Russia's powerful air defense network has always been its competitive advantage, Sputnik contributor Andrei Kots writes, commenting on the recent military drills by the country's armed forces in the Astrakhan region. The regiment, armed with air defense missile systems (ADMS) S-300PMU-2 "Favorit," repelled a massive raid of aviation and cruise missiles by a hypothetical aggressor.
"During the firing practice the efficiency of training of a combat crew is checked," Reserve Colonel Mikhail Khodaryonok, who has served many years in the air defense forces, told Sputnik. "At this stage it's easy to 'get a bad mark' — to miss the target, or to fire at it with incomplete use of firepower, or to contravene combat instructions. Everything is recorded, including voice information, orders and combat units' actions. The command sets complex goals for anti-aircraft gunners, imitates electronic jamming and so on. This is done so that they don't lose courage in a real battle."
The second stage is combat shooting. Targets are launched from the ground, radars detect, intercept and track them, providing battalions with all necessary data to destroy them. The cost of a mistake is high, as the targets are being struck with real missiles.
The journalist highlighted that a miss could become fatal for the whole military unit if the adversary manages to destroy an important command post. He pointed out that Russia has always taken into consideration the numerical superiority of NATO forces in tactical aviation while developing its cutting-edge air defense systems.
For instance, while creating the S-300 and S-400 Triumf anti-aircraft weapon systems, Russian designers focused on the number of simultaneously tracked targets, as well as on the capability of effectively destroying low-flying and low-profile objects.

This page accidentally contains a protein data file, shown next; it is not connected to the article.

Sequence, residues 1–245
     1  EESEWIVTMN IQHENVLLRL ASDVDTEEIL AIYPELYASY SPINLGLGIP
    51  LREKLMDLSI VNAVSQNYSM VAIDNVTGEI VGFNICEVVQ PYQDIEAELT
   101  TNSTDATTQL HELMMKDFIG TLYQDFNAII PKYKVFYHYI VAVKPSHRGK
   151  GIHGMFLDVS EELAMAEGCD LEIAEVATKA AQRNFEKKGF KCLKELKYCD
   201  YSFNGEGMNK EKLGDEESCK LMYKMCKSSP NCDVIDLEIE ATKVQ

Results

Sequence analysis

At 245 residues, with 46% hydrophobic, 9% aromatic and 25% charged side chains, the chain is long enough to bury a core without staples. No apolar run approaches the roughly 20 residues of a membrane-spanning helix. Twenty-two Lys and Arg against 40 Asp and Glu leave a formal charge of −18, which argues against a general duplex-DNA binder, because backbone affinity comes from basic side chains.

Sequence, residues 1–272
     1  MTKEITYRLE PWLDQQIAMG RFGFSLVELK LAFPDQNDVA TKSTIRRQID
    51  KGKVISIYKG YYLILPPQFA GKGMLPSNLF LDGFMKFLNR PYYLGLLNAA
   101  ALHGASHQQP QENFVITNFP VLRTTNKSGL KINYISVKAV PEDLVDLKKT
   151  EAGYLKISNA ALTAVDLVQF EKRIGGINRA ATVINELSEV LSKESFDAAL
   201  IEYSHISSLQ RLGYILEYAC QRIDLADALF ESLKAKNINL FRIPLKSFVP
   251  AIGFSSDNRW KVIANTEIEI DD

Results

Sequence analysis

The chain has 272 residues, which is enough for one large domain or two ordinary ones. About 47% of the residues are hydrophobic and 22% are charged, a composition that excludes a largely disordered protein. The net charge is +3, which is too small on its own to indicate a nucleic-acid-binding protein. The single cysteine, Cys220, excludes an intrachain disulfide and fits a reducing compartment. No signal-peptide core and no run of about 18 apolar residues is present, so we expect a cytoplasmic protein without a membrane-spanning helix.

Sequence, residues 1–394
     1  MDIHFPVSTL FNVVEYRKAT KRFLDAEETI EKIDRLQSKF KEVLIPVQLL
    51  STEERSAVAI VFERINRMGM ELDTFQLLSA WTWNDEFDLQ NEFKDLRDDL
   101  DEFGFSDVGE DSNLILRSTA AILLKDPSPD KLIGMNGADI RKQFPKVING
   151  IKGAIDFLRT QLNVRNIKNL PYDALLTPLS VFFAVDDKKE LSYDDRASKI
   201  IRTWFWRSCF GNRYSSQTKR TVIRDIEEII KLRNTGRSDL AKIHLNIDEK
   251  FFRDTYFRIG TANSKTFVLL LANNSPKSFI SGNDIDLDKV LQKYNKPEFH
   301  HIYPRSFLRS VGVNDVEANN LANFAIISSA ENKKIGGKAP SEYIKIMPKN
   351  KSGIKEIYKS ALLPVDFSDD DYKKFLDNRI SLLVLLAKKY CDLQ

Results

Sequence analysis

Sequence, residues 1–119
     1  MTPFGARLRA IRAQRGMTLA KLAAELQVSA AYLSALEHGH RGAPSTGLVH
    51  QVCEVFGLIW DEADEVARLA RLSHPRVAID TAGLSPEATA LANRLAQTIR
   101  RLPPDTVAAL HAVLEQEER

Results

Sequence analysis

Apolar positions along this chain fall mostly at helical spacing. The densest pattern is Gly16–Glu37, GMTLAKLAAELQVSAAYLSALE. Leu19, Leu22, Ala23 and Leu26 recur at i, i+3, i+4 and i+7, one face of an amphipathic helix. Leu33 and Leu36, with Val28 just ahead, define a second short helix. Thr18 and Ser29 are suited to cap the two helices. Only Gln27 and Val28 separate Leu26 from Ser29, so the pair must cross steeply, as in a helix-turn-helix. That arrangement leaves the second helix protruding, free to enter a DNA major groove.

The Russian Hmeymim airbase in Syria is a vivid example of a complex air defense network in miniature, the Sputnik contributor pointed out. The forward echelon is presented by the S-400 complex, the second one is the S-300F Fort systems, a naval version of the S-300P, which are mounted on the Moskva and Varyag guided missile cruisers; they are supported by Syrian medium-range advanced defense missile complexes (ADMC) Buk-M2E.
The third echelon is formed by Syrian surface-to-air missile systems Pechora-2M. And finally, the fourth echelon is anti-aircraft missile systems Pantsir-S1, which protect the airfield and S-400 positions. Additionally, Su-30SM and Su-35 jet fighters are patrolling the skies, ready to repel any attack. Kots highlighted that the aforementioned systems are functioning elements of a single network.
The journalist pointed out that the S-400 Triumf still remains the most advanced anti-aircraft missile system capable of destroying all types of aerodynamic targets — aircraft, helicopters, unmanned aerial vehicles (UAVs), cruise missiles at ranges up to 400 kilometers (248.5 mi) and at altitudes of up to 30 kilometers (18.6 mi).
"Over time, this very system [S-500] will become the backbone of the Russian long-range air defense," the journalist emphasized. "Most of its tactical and technical characteristics are kept secret, but it was previously reported that the S-500 could detect and simultaneously hit up to ten ballistic supersonic targets flying at a speed of 7 kilometers per second. The range of the new weapon is 500 kilometers."
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